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Thursday, September 27, 2012

What feels right can be so wrong

My friends Dave and Samantha have just had their first baby. Do you remember what that was like- that first few months where you really had no parenting experience to fall back on, where everything was new?

"How's Sam going?" I asked when I saw Dave recently. Sam had looked pretty confident when I last saw her, but maybe things were less serene behind the scenes; her family is far away, so she's been a bit short of support.

Animals have incredible parenting
instincts. Can we rely on instinct
in our parenting too?
"I reckon she's going really well," replied Dave. "She does a lot of reading on the net trying to work out the best way to do things, but it's all pretty contradictory. You've got all these experts, and none of them agree with each other. I told her to forget all that and just go with her instincts."

Dave had a point. There's just SO much information out there that it's very hard for a new mum looking for advice to make sense of it all. How can you tell what's an informed point of view, versus  the ramblings of some self-appointed guru with an opinion and an agenda? It's easy to conclude that you can only go with what feels right to you.

I wish it was that simple. But the complex truth is that in some cases, what feels right to you isn't necessarily the best thing for your children.

Sunday, September 23, 2012

Standing in the shoes of a preschool bully

I've had another request for help from a reader, and I'd like to share my thoughts with you all. It's a pretty common problem, and it's an important one to nip in the bud. Most of us who've worked in childcare have had to deal with a preschooler who is demonstrating unacceptably antisocial behaviour while in care- behaviour that we would identify as bullying in an older child.

It's terribly frustrating. It can make us very angry on behalf of the children who are being hurt or frightened. But I want to put you into the shoes of the preschooler who acts like a bully, because understanding is the only way you will fix this problem. Maybe that child can't empathise with his peers- but somehow, you will have to find a way to empathise with that child and to offer him love and compassion if you want to find a solution. You have to work with him, not against him.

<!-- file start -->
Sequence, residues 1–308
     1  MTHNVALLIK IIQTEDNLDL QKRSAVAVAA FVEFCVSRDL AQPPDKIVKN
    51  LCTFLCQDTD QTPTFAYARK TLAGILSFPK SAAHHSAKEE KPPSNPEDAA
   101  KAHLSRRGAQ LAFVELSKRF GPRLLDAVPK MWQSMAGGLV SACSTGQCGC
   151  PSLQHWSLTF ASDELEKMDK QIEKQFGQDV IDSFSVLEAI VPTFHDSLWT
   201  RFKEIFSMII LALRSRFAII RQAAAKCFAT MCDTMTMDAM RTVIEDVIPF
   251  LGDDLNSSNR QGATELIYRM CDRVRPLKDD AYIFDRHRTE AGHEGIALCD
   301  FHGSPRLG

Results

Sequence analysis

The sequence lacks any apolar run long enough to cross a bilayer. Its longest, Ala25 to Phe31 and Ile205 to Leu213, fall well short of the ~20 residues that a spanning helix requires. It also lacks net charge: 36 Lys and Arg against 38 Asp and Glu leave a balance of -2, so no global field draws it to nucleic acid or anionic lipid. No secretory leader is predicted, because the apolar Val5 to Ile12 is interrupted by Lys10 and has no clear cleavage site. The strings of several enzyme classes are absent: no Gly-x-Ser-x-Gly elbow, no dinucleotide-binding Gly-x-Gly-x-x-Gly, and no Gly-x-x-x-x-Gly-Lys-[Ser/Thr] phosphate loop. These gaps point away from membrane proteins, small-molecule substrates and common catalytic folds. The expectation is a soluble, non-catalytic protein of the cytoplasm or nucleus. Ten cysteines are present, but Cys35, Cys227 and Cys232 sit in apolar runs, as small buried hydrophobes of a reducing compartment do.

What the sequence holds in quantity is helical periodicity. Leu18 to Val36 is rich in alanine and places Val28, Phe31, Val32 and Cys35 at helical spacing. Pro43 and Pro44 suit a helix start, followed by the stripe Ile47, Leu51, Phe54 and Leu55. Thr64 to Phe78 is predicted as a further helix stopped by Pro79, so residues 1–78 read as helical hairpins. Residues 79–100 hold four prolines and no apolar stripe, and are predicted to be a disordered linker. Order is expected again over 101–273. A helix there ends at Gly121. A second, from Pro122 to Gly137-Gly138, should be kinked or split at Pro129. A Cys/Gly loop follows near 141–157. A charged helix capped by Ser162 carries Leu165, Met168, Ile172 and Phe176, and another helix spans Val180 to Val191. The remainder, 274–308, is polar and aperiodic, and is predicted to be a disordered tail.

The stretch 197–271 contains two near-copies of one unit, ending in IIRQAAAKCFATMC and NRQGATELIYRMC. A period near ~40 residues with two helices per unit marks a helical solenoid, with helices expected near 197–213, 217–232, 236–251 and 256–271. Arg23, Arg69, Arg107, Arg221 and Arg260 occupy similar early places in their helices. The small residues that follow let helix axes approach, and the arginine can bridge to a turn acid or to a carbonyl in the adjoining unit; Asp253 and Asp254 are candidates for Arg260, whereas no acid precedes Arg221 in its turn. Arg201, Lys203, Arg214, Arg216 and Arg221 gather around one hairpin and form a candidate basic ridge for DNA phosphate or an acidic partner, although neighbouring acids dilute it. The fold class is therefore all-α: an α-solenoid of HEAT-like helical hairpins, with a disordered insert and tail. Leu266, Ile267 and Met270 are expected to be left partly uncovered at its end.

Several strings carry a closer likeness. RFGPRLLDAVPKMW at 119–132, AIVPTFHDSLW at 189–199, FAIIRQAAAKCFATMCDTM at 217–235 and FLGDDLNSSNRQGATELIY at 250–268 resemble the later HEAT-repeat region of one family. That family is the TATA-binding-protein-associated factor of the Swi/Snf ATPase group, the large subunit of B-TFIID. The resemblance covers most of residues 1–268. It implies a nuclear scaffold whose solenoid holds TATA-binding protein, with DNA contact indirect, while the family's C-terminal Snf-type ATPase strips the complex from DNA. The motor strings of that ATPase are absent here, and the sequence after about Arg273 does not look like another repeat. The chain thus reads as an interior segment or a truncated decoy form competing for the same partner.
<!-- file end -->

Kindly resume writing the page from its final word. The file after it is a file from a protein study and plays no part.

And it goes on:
Thursday, September 20, 2012

Sharing our true selves: from baby talk to difficult events

Maybe you saw this great post by Abundant Life Children, about the small behavioural changes we can make in ourselves to improve our relationships with children. At the end, Emily invited readers to add their own tips for making small but effective changes to improve our journey together.

My baby got my true self from the start.
My career made me happy, and I never
hid that from him.

My tip was that we should share our true selves with our children. I encouraged her readers to share their thoughts and feelings with their children honestly. And I thought I might elaborate on that a little, because there's a reason I feel so strongly about it.

Sunday, September 16, 2012

About teaching two Rs, and moving a donkey

Exploring the shape of 4. I didn't say
a single word. This is self-directed
Pushing down the curriculum is a hot topic in Early Childhood circles at the moment. Developmentally speaking, it's quite clear that young children learn through self-directed play- and that hounding them to sit down and learn their alphabet and their numbers is actually counter-productive. (Don't mention worksheets. PLEASE, don't mention them. And if you mention homework for preschoolers, I may have to block you.)

Honestly, the way some education authorities are behaving, it's like they've decided that children's academic progress is some sort of donkey that they have to get moving against its will. They push the donkey driver in the back, and the donkey driver looks scared and whips the donkey, and the donkey looks around stubbornly as if to say "I'll go when I'm ready" and stays right where it is, and the donkey driver gets blamed. Pushing a donkey is idiotic and ineffective, and so is pushing down the curriculum so the teachers have to try to force all little children to learn their letters and numbers whether or not they're ready.

But that doesn't mean that we can't expose our children to literacy and numeracy in the early years. In fact, even in EC facilities where play-based learning is at the fore of programming, teachers are required to provide literacy and numeracy experiences.

Thursday, September 6, 2012

How to be an 'expert' problem-solver: 3 tips

Some of you may have read this recent post by An Honest Mom, in which she very kindly refers to me as an 'expert' after I gave her some advice about her child's problems at daycare.

Well, you know, that got me thinking, because 'expert' is a word that I would usually associate with having lots of degrees in a certain field of learning, a very high profile amongst one's colleagues and possibly a bit of media coverage... hmm, this doesn't sound like me! I mean, it's not like I've got a Masters in Early Childhood or write a regular column for Rattler Magazine or anything. 

Sure, I've spent a lot of time with children. So have a lot of other people, and some of them would give advice that makes your skin crawl. So it's not just about my experience.

And that made me think that if I can develop some expertise without impressive pieces of paper and world-wide kudos, maybe it's not beyond you to become an 'expert' in dealing with your child's problems. I started to break down what it is that's made me a source of expertise. Maybe if you follow in my footsteps, you can empower yourself as a problem-solver.